Written by Rod Pearce (son)
Fred Pearce joined the Navy in January 1938 and served until October 1960. He left his 5-year apprenticeship with Rouch and Penny in Bristol, after serving a little over 4 years, to join up. He spent the majority of the war aboard the aircraft carrier HMS Furious, where he progressed from EA5 to EA3, up to March 1943 and then HMS Defiance to June 1943. He then joined HMS Spartiate (Hardy) where my interpretation of his service record suggests he joined the working up of HMS Hardy until August 1943 where his record then shows HMS Tyne (Hardy) which indicates to me that he was part of ships crew when Hardy was assigned to Tyne as her depot ship. If anyone has more or better information then I would appreciate hearing it.
On 30th January 1944 at 03.57am, HMS Hardy, pennant number R08, whilst protecting Arctic Convoy JW56B was hit by a torpedo fired by a German U-Boat. Hardy sank at 05.24am with the loss, I believe, of 35 of her crew. All this happened just south of Bear Island, far north of Norway inside the Arctic Circle, at 73° 40’N, 24° 30’E. Frederick Pearce, EA3, was on board and had it not been for a combination of HM Ships Venus, Vigilant and Virago coming alongside and taking off all survivors, my sister and I, and his three grandchildren would not be here today. RIP all those lost then, and since.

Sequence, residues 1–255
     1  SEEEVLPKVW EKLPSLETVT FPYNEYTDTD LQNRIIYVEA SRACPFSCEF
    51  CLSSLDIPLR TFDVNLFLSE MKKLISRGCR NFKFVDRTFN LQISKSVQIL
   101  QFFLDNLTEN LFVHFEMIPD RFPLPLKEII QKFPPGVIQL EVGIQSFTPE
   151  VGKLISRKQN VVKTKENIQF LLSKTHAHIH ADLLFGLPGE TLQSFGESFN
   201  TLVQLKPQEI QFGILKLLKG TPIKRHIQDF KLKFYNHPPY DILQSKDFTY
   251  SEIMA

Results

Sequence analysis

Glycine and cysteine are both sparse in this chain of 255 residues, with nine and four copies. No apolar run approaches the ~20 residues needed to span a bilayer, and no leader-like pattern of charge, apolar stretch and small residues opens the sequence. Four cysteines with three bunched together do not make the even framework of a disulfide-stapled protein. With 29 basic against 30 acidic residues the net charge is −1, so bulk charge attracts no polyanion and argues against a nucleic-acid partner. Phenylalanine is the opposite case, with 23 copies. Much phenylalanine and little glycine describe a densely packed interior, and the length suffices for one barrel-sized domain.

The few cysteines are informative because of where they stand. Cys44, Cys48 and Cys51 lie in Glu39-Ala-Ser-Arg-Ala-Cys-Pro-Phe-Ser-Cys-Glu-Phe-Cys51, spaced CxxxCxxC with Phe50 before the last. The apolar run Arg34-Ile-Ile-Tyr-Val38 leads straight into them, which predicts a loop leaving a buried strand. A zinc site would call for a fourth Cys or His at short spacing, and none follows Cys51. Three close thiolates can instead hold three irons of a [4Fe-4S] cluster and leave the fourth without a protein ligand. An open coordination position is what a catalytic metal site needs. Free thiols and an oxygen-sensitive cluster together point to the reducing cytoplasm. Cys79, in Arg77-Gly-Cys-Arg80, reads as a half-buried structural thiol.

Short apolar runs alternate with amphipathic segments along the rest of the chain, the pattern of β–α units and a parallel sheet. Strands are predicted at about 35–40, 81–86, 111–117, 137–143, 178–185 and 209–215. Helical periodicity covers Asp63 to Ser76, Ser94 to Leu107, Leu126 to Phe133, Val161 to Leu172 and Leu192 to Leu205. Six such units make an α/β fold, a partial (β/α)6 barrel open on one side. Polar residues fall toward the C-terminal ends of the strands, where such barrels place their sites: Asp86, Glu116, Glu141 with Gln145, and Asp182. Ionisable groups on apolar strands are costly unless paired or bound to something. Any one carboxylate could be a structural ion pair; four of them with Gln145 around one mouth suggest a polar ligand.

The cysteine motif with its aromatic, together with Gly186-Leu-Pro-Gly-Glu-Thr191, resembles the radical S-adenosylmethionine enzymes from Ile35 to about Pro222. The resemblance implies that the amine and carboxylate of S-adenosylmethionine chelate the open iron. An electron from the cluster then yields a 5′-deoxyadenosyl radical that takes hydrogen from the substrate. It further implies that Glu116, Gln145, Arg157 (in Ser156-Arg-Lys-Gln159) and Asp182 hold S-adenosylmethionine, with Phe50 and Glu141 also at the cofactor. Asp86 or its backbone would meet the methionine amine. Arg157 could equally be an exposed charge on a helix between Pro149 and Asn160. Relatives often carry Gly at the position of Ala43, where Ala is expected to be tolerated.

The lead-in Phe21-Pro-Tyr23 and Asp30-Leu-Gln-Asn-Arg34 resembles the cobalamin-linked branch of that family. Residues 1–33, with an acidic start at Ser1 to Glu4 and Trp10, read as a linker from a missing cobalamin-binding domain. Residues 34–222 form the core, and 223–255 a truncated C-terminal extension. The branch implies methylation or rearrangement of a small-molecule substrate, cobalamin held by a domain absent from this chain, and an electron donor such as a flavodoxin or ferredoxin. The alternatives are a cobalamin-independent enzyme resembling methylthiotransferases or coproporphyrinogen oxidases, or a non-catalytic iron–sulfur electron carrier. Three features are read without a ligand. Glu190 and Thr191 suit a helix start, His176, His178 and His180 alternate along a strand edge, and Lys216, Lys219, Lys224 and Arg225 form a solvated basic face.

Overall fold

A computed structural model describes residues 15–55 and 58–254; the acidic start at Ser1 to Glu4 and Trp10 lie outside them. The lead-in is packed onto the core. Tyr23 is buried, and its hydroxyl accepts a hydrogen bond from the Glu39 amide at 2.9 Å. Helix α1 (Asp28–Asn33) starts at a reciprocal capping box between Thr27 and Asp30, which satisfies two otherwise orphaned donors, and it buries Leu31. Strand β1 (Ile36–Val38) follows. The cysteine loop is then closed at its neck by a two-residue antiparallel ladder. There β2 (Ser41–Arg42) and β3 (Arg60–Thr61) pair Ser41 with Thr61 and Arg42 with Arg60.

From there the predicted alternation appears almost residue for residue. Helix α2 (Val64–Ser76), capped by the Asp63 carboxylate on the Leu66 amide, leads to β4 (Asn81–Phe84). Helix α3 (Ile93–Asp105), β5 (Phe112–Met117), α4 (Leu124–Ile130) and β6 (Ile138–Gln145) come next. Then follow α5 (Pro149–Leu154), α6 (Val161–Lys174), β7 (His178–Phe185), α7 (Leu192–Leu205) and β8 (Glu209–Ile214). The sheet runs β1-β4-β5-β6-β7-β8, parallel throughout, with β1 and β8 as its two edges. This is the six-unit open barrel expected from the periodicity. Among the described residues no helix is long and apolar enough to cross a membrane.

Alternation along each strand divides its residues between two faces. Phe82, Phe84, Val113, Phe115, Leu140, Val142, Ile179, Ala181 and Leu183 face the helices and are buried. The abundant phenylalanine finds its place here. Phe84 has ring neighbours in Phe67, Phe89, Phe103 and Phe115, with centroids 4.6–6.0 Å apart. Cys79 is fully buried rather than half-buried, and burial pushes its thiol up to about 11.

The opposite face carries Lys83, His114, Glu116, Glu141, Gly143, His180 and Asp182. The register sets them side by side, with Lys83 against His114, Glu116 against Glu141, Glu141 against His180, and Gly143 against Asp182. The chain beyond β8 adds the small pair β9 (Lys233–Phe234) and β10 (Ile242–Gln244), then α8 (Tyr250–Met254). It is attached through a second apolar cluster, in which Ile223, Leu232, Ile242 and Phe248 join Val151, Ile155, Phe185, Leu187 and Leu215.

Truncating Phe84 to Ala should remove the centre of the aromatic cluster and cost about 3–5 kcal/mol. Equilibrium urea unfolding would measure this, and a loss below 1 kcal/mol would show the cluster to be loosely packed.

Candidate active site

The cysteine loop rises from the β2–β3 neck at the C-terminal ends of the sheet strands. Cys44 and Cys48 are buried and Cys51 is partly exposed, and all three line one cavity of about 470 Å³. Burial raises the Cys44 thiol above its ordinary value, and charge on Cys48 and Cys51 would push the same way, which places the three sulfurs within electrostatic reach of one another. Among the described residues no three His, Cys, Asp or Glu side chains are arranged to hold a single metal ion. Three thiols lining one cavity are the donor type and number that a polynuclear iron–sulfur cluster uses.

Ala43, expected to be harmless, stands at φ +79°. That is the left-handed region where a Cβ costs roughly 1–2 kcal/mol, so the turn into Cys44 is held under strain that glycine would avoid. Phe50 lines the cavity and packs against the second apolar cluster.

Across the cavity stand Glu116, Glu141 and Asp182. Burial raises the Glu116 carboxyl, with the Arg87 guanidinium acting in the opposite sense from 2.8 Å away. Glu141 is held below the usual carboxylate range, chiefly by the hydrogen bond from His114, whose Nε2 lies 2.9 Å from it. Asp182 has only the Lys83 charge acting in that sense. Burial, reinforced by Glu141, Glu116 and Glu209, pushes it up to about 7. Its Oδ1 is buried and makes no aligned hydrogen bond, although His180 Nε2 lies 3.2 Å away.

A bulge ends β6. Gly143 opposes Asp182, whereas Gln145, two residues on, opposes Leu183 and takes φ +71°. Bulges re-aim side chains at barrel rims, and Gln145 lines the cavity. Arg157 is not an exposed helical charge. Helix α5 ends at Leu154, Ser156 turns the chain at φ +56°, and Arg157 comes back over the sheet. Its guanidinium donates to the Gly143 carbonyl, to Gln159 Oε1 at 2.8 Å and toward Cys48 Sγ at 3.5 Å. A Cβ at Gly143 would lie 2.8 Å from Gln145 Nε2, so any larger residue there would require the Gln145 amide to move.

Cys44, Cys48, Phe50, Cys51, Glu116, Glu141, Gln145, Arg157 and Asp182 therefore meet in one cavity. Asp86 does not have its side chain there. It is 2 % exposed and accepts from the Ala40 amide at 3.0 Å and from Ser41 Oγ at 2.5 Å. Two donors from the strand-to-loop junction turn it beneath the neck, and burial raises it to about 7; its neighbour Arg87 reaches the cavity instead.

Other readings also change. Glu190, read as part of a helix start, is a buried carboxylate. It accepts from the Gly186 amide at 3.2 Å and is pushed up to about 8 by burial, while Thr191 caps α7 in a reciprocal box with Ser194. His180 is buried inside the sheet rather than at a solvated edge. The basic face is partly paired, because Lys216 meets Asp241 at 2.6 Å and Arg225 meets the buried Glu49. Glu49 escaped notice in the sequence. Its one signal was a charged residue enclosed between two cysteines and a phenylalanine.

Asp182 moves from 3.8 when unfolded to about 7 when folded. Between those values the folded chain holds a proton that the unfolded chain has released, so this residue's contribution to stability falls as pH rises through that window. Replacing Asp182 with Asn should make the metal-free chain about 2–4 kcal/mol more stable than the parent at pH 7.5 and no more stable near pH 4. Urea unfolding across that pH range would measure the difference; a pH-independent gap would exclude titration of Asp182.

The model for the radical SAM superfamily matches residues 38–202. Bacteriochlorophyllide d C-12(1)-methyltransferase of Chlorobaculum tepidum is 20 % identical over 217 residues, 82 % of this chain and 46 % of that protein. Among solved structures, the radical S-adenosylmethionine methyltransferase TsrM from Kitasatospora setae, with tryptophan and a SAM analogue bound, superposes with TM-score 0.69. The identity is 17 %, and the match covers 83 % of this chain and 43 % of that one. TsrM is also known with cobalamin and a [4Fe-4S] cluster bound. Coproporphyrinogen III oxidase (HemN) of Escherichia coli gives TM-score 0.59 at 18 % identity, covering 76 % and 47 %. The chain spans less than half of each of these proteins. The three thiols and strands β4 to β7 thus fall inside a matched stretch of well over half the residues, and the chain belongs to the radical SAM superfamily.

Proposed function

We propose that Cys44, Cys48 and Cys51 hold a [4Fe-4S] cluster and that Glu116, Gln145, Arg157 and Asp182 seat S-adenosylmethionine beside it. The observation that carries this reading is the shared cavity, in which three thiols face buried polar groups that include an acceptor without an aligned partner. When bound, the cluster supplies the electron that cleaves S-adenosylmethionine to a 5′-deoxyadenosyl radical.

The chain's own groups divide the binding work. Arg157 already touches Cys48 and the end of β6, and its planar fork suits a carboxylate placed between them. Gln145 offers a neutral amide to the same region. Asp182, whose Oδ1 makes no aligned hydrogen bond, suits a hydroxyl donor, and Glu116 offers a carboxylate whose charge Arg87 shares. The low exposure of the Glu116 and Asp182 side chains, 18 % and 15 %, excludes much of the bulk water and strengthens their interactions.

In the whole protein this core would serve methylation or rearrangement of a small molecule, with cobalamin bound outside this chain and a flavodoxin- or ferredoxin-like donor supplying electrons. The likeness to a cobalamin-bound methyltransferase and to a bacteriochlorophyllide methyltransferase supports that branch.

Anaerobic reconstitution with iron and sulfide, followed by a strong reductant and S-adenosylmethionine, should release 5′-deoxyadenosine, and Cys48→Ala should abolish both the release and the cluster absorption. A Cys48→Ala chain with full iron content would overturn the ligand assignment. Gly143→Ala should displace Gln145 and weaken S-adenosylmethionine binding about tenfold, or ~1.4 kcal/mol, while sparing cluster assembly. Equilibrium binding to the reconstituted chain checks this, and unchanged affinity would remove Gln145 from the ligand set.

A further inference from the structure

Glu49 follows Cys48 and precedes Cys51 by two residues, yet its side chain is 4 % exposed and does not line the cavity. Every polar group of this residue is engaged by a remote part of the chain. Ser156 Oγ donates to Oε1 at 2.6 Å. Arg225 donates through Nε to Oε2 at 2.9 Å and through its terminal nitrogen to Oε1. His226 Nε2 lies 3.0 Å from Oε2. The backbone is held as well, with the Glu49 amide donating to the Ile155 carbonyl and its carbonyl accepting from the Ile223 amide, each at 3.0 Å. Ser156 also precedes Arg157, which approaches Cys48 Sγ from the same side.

My Sister tells me that my Father, toward the end of his life, told her that between being hit and finally being sunk (by a coup de grace torpedo from HMS Venus) he went below a few times to ensure all of his junior EA’s and others got out safely. Nothing unusual in that I’m sure, in that all RN personnel would have done everything to look out for their shipmates.
After rescue from HMS Hardy Fred returned to Scapa Flow from the Kola inlet aboard HMS Savage and then onto HMS Drake (Devonport) before joining HMS Capetown in April 1944 and Normandy Beach Landing coordination duties from D-Day through to October 1944. After this, he served all over the world, including Korea. I have some photo’s of ice encrusted upper decks which I thought might have been associated with the Arctic convoys, but upon investigation, are in fact from Korea in 1952/3.
He left the RN in October 1960 with the rate (CPO)EA1.
Photo: Frederick Pearce CPO (top left) with three colleagues.
Click to expand photos